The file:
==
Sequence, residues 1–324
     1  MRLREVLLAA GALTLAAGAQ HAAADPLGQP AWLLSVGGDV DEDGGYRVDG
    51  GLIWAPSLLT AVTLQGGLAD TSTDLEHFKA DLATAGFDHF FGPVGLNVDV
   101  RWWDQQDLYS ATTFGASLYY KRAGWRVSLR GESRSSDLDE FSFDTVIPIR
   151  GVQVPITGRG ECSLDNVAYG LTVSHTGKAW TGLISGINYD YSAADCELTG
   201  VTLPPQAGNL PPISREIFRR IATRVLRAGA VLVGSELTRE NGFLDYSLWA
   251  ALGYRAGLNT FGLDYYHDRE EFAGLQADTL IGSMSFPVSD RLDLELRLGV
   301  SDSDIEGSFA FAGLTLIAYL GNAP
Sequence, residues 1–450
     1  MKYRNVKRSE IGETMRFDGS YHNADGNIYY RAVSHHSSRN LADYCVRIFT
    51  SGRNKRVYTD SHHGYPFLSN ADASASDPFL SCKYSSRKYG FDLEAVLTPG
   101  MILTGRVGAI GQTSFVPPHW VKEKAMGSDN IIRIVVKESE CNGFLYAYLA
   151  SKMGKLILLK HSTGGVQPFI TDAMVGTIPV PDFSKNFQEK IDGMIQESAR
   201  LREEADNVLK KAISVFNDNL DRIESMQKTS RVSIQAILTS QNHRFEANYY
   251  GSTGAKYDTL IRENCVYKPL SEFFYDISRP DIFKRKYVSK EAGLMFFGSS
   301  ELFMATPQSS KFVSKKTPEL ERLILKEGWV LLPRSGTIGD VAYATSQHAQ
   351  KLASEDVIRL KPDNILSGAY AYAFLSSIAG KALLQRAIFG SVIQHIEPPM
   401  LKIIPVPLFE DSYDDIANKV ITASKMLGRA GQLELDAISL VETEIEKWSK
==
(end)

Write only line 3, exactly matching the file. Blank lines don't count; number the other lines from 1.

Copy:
    51  GLIWAPSLLT AVTLQGGLAD TSTDLEHFKA DLATAGFDHF FGPVGLNVDV